5. Duck and recover. It’s no fun explaining why you sold your vote for casino chips or asked an underage lacrosse player what he does in the nude. Your best move is to disappear into the nearest substance-abuse clinic, where you can “recover” until the media pack has moved on. That’s what Ney did when reporters demanded to know whether he’d resign. “He is taking things one step at a time,” Ney’s lawyer told them. Roth brushes aside questions about Foley’s fate the same way. “Those issues will be dealt with when Mark’s treatment hopefully results in his recovery,” he says. “He’s in treatment” sounds so much better than “no comment.”

6. Ask for help. If you’re the villain in the present drama, replace it with a new drama in which you’re the victim. “I am asking the Jewish community, whom I have personally offended, to help me on my journey through recovery,” said Gibson. “Over the years, I have worked to help others, but now I am the one that needs help,” said Ney. Now Foley needs help, too. “The focus of our work,” says Roth, “has been exclusively dedicated to getting Mark the help that he acknowledged that he needed and could not deal with on his own.”

7. Medicate promptly. No one will believe you if you promise to stop hating Jews, taking bribes, or flirting with boys tomorrow. Reform takes time. But recast your character problem as a substance problem and you can “treat” it right away. “I have begun an ongoing program of recovery,” Gibson announced four days after his slurs became public. It worked: By the time he came up for sentencing, the judge gave him credit for having “‘already engaged in an extensive amount of rehabilitation.” Ney took the same approach, embracing “professional help” for his “dependency.” Foley, moving even more quickly, has announced his “immediate treatment for alcoholism and related behavioral problems.” The story of what you did may get worse, but the story of your “treatment” always gets better.

8. Take credit for fighting your addiction. While blaming your sins on factors beyond your control, don’t hesitate to frame your flight to the clinic as an act of courage and free will. “I have battled the disease of alcoholism for all of my adult life,” Gibson declared. Foley, too, is a hero. “Mark voluntarily entered a substance abuse and mental health facility,” says Roth. “This decision was Mark’s … This was a life decision, not a tactical one made by others.”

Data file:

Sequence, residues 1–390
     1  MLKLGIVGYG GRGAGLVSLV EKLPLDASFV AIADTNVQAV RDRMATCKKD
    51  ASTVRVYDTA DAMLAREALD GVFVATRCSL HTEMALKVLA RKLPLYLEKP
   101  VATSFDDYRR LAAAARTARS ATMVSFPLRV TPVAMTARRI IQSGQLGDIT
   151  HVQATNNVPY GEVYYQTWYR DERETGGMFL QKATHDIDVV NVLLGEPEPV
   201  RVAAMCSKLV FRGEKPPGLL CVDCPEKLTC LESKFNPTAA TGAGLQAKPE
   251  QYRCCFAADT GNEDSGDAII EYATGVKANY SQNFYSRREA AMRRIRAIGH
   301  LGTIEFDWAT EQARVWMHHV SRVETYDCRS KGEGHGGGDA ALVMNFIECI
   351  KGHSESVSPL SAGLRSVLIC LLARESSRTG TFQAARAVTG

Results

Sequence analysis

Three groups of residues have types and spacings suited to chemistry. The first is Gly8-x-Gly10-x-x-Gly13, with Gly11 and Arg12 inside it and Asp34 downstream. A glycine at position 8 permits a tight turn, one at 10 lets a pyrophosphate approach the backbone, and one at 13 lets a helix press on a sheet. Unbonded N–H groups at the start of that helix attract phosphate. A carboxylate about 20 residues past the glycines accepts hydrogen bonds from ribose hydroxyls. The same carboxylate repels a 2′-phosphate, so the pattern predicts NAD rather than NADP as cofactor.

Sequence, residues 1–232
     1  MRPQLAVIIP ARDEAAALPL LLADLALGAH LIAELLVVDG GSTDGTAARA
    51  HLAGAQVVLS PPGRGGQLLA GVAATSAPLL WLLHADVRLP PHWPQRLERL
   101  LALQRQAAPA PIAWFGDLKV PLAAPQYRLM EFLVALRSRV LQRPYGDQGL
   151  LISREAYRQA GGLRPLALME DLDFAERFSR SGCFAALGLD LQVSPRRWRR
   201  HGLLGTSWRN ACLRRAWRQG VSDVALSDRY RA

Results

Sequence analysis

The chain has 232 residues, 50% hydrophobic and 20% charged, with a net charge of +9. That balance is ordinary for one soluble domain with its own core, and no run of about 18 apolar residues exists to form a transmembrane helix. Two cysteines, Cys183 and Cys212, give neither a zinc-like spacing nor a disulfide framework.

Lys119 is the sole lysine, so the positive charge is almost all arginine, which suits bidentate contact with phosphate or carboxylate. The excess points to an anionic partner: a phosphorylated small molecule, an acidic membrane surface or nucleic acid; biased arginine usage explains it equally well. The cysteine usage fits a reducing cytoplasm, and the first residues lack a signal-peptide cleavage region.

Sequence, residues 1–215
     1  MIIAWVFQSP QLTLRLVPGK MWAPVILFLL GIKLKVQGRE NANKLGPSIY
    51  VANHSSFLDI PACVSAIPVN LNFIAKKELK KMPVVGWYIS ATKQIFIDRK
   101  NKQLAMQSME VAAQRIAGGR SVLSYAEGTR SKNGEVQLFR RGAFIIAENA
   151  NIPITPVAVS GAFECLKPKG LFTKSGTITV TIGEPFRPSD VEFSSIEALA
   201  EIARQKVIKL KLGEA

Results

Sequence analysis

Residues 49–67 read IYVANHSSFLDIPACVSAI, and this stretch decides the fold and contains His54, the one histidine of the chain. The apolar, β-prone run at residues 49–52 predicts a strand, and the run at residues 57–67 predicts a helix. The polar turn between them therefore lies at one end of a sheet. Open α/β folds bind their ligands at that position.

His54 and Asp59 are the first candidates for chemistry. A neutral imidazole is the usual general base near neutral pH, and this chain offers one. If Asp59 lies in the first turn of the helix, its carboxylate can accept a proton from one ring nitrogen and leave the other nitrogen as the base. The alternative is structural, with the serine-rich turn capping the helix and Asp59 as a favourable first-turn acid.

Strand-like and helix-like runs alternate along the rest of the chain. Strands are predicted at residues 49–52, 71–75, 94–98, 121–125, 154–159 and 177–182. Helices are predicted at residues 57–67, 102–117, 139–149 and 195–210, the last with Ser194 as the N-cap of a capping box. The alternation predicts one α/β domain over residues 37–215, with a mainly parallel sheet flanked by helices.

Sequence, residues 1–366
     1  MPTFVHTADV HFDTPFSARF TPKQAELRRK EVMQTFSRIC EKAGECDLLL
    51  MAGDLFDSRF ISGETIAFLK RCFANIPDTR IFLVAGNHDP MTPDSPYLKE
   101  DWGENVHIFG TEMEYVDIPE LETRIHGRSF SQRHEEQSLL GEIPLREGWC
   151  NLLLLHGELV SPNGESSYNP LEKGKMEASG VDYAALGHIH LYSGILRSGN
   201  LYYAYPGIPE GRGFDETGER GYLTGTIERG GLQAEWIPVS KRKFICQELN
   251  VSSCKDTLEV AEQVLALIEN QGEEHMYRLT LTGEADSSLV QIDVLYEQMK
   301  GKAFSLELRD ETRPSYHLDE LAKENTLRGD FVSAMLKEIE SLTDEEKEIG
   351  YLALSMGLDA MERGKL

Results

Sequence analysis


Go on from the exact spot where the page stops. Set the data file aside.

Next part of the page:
9. Compartmentalize the problem. While using alcohol to explain away everything from golf junkets to selling commercial endorsements in the Congressional Record, never admit to drinking on the job. Remember, alcohol pervaded your life but not your schedule. Despite amorous instant messages in which Foley tells a young man “we are still voting” and “I better go vote,” Roth insists Foley “was never under the influence of alcohol while he was a public servant.” Instead, Foley drank only “alone” and “at night.”

10. Add excuses as needed. Two days after declaring himself an alcoholic, Foley announced that as a boy, he had been molested by a clergyman. “Mark does not blame the trauma he sustained as a young adolescent for his totally inappropriate emails and IM’s. He continues to offer no excuse whatsoever for his conduct,” said Roth. But the spokesman continued: “As is so often the case with victims of abuse, Mark advises that he kept his shame to himself for almost 40 years.” Who needs a scapegoat when you’ve got a “trauma” that recasts you as the “victim”? The most powerful excuses are those you never call by that name.